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Ishiguro Munemaro 石黒 宗麿

Ishiguro Munemaro

Ishiguro in his studio, Yatsue kiln, Kyoto, ca. 1960. Courtesy of Nasu Mitsuo.

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Born into a wealthy family, ISHIGURO MUNEMARO was surrounded as a child by his father’s (an amateur potter) collection of antique ceramics. Upon returning from military service in Korea in 1916, Ishiguro began the study of Chinese ceramics and language. After several moves in Tokyo, he settled in Kyoto in 1927 and opened his kiln in the city’s ceramic center, Imakumano, where he befriended the important potter and scholar of Chinese material, Koyama Fujio (1900-1975).

Ishiguro also became a noted collector and scholar of Chinese Han and Song dynasty ceramics, notably perfecting the difficult technique of the persimmon tenmoku glaze for which he was designated in 1952 as an Intangible Cultural Property. Ishiguro’s non-traditional work, marked by powerful potting and bold, vigorous designs, combined with his genius in traditional aesthetics, earned him the designation of Living National Treasure in 1955.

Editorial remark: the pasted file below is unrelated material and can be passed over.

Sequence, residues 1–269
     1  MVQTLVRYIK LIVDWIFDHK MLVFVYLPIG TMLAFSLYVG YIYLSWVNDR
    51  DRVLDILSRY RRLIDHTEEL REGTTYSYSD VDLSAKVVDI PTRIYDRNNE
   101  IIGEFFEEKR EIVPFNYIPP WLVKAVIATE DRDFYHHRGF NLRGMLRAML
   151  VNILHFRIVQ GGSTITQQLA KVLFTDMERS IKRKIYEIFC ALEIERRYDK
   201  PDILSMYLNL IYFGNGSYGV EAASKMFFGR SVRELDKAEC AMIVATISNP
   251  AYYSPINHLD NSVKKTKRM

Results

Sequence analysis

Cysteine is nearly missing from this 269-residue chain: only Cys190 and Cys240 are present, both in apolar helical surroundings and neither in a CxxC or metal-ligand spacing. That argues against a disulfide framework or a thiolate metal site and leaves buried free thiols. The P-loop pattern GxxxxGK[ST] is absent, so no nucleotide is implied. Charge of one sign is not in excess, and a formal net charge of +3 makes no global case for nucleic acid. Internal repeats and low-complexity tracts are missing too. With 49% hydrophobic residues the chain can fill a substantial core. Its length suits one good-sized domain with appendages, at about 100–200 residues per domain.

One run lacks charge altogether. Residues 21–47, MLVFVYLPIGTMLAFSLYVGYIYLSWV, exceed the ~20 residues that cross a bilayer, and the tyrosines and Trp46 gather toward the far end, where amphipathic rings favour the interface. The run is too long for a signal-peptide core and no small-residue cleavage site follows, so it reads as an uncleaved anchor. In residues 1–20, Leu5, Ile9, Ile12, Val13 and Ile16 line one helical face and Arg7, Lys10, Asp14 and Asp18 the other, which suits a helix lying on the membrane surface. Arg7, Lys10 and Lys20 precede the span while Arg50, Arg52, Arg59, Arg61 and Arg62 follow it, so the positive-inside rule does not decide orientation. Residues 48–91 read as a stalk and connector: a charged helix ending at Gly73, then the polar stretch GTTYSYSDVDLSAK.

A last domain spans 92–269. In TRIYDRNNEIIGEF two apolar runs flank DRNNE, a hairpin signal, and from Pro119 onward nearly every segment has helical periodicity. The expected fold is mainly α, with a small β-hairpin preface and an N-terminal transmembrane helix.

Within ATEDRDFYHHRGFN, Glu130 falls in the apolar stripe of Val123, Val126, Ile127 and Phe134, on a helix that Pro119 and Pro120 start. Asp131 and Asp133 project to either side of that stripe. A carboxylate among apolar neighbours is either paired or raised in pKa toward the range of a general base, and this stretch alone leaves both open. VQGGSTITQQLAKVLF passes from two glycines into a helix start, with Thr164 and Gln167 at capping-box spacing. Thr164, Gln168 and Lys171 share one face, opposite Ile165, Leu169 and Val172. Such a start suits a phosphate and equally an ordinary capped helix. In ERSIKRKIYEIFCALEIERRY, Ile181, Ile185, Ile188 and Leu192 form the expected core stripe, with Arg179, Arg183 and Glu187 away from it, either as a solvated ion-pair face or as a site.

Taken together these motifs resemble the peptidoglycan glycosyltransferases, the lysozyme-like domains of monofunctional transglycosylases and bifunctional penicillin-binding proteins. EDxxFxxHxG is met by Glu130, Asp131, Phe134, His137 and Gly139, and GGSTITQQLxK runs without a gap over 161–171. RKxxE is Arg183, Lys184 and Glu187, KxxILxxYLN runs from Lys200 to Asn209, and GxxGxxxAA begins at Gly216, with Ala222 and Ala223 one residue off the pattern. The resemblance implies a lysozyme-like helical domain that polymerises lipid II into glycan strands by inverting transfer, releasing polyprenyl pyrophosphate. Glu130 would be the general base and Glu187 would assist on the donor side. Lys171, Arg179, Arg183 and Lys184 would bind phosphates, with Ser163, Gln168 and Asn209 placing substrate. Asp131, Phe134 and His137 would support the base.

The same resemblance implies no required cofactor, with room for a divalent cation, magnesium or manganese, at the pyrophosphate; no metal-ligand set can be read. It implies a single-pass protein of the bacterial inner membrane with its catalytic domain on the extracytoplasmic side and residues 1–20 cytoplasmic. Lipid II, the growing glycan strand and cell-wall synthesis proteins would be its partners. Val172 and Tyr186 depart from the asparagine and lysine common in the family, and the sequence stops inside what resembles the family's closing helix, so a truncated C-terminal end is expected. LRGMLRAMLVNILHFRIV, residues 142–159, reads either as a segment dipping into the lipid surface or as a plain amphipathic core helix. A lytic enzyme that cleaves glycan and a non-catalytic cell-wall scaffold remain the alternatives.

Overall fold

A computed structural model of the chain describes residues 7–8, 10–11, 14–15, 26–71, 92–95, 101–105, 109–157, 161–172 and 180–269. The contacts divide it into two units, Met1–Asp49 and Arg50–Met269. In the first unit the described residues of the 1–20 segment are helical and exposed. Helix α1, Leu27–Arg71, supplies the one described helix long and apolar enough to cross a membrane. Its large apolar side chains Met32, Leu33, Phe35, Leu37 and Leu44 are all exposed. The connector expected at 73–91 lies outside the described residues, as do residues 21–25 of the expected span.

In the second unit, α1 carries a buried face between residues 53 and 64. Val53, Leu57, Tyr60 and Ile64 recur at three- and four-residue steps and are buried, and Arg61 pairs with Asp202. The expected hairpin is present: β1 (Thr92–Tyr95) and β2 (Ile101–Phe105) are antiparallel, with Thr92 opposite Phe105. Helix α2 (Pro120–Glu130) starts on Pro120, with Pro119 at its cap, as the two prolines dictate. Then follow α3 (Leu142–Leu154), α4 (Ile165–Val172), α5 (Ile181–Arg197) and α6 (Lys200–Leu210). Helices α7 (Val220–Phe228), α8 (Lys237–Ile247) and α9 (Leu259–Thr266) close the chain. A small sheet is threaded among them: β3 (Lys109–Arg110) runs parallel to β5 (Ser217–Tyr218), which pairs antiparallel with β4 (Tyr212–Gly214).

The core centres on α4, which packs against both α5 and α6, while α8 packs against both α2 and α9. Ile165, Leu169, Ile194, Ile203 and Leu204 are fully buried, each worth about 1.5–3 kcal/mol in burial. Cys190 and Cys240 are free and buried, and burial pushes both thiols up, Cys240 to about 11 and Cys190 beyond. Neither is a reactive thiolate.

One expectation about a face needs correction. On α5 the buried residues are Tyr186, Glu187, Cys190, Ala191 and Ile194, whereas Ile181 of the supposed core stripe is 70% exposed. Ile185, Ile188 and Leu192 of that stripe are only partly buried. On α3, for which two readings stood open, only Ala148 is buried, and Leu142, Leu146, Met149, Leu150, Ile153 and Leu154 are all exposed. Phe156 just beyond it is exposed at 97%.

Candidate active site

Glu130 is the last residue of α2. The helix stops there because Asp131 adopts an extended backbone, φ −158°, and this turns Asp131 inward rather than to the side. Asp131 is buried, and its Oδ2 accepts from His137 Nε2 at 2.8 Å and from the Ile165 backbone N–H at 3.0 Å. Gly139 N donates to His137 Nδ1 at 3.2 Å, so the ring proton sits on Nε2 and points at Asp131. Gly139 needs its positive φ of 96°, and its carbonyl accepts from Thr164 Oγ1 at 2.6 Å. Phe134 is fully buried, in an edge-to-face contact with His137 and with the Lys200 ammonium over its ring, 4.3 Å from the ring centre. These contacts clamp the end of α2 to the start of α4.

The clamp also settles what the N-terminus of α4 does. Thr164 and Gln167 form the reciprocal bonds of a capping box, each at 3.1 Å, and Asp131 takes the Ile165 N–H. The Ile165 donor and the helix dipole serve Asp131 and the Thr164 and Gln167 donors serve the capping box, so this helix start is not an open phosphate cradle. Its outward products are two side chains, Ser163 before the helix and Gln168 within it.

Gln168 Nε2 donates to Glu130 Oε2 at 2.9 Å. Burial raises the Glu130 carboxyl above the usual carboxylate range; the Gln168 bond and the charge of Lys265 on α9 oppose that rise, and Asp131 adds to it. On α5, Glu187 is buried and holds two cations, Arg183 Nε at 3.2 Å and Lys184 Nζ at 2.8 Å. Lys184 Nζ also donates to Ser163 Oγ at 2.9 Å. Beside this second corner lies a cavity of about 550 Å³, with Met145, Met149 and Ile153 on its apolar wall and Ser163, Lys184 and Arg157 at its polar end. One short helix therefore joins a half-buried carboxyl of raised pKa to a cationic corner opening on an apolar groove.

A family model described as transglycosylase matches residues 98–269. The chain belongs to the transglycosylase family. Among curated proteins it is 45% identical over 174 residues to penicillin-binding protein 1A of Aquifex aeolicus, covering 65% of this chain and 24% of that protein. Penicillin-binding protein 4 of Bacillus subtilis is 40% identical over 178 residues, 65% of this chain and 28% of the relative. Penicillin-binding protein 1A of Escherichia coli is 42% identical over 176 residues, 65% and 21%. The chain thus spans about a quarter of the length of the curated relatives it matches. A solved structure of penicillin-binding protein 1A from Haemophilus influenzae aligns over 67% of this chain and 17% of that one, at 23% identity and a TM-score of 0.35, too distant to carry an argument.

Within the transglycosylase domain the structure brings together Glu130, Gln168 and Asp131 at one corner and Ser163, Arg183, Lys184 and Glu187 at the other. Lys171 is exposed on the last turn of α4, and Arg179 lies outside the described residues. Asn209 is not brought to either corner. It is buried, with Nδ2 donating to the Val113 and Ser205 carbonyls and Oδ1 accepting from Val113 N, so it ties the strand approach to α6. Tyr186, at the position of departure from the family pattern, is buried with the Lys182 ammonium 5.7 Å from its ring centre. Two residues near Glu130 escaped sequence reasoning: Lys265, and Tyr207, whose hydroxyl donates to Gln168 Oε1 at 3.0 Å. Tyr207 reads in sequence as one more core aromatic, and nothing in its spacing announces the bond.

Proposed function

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Selected Public Collections:

Aichi Prefectural Museum of Art, Japan
The Cleveland Museum of Art, OH
Eisei-Bunko Museum, Tokyo, Japan
Hagi Uragami Museum, Japan
Ibaraki Ceramic Art Museum, Japan
Idemitsu Museum of Art, Tokyo, Japan
Imperial Household Agency, Tokyo, Japan
Ishikawa Prefectural Museum of Art, Japan
Izumi City Shinminato Museum, Japan
Kitamura Museum, Kyoto, Japan
Musée national de Céramique, Sèvres, France
Musée Tomo, Tokyo, Japan
Museum of Fine Arts, Boston, MA
Museum of Oriental Ceramics, Osaka, Japan
National Museum of Modern Art, Kyoto, Japan
National Museum of Modern Art, Tokyo, Japan
Shinminato City Board of Education, Japan
Suiboku Museum, Toyama, Japan
Toyama Prefectural Board of Education, Japan

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